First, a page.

Article Title

Changes in Assemblages of Infaunal Organisms Around Wastewater Outfalls in Santa Monica Bay, California





First Page


Last Page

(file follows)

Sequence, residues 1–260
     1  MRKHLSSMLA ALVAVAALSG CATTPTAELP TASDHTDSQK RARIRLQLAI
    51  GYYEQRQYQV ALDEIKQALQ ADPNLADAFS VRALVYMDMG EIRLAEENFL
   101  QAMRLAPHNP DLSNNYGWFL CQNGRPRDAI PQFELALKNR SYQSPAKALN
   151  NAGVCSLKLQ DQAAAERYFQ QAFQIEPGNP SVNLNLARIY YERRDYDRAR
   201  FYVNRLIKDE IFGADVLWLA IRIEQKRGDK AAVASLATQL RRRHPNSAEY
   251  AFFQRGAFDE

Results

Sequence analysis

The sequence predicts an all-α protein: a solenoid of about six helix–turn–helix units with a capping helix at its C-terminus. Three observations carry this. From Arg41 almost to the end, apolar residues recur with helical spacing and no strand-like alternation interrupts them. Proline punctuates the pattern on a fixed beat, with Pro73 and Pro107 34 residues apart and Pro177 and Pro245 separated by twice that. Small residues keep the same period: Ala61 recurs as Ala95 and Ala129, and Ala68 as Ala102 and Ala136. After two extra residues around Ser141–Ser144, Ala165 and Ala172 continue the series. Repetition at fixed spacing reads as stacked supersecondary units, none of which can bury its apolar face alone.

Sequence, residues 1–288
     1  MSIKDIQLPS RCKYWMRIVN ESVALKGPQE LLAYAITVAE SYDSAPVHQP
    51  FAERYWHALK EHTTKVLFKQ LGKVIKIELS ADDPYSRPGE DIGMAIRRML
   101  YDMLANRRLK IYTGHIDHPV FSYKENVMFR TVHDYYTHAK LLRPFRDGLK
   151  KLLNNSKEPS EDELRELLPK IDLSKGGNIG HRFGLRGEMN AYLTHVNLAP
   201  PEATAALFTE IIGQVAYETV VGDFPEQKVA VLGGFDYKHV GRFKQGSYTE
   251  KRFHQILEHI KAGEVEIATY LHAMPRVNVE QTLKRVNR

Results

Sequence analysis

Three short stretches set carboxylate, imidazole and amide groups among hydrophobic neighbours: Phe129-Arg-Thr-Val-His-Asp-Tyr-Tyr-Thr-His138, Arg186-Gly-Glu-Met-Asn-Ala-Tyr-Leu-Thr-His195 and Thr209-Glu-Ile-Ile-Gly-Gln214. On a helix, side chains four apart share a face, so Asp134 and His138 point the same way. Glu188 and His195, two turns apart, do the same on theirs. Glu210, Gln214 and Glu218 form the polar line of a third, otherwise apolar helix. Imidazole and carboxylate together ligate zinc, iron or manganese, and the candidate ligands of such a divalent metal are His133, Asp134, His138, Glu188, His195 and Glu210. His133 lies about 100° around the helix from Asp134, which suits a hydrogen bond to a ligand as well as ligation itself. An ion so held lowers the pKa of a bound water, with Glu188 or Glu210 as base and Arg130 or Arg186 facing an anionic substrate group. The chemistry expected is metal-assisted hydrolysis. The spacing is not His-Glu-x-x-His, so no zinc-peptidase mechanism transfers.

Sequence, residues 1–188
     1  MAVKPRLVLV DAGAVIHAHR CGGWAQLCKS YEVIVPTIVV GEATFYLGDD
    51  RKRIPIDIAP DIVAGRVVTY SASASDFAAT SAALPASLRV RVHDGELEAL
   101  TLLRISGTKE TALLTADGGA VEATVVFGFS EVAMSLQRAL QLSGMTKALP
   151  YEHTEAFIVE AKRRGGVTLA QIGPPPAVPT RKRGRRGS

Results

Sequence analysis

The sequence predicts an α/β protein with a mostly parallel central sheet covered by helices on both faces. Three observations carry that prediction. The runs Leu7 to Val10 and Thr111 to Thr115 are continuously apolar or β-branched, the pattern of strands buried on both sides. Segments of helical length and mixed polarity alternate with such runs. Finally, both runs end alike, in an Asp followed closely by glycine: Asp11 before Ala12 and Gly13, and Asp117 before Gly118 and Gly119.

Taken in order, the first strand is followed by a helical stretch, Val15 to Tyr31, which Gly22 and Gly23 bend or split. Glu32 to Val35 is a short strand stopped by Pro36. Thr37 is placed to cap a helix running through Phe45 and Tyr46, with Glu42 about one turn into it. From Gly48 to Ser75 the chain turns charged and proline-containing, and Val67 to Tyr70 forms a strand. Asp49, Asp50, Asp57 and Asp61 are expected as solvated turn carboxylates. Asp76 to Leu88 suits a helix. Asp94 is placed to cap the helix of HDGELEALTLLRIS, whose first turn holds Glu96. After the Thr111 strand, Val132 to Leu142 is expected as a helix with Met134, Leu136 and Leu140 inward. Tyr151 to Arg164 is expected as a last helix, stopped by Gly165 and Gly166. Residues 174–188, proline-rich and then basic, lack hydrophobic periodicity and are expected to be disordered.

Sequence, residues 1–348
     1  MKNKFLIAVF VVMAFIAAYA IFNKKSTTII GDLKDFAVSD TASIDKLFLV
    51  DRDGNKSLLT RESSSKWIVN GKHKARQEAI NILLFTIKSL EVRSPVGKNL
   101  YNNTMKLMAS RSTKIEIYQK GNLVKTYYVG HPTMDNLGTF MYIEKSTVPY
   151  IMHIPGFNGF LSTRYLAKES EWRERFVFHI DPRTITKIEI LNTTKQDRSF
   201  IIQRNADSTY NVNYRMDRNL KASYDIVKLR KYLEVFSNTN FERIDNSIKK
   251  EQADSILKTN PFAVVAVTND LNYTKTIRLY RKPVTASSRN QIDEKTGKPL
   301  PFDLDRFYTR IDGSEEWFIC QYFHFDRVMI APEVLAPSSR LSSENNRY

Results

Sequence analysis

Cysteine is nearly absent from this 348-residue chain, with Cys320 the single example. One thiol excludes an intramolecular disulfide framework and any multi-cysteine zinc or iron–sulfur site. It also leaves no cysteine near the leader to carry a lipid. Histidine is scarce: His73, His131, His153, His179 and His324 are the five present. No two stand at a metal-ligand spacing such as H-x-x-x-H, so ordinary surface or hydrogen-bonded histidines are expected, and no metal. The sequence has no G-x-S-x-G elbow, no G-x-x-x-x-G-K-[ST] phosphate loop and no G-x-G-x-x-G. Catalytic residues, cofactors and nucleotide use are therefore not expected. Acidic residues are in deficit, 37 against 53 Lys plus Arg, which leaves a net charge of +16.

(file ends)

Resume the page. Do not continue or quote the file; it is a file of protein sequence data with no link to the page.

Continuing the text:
The City of Los Angeles' Hyperion Treatment Plant presently operates two submarine outfalls: the 1-Mile outfall was used until 1959, but now is used only during emergencies; the plant's main outfall, the 5 -Mile, presently discharges about 1,211 X lO^ld"' of mixed primary and secondary effluent at a water depth of 60 m. A third outfall, the now defunct 7-Mile sludge line, operated from 1957- 87, discharging about 15 x 10^ 1 d"' of digested sludge into 100 m of water at the head of the Santa Monica Canyon. Solids discharged from Hyperion into the Bay have been greatly reduced since the mid-1980's; sludge disposal was termi- nated, and levels of suspended solids in the 5 -Mile effluent diminished from peak levels of 155 mg/L in 1985 to historically low levels averaging around 30 m.g/L in recent years. Analyses often years of semiannual benthic monitoring data demonstrated that assemblages of benthic organisms near the outfalls have shifted in composition from a polluted condition to one more typical of cleaner reference areas. This trend correlated with reductions of solids discharged from the plant. The infaunal assemblage in the old sludge field has changed from a highly degraded to an early transitional assemblage in terms of species composition and abundance, while those near the 5 -Mile outfall have changed from polluted to a more natural assemblage. Continued recovery is expected, but at a slower rate, if the plant maintains its present effluent quality as it moves towards full secondary treatment in 1998.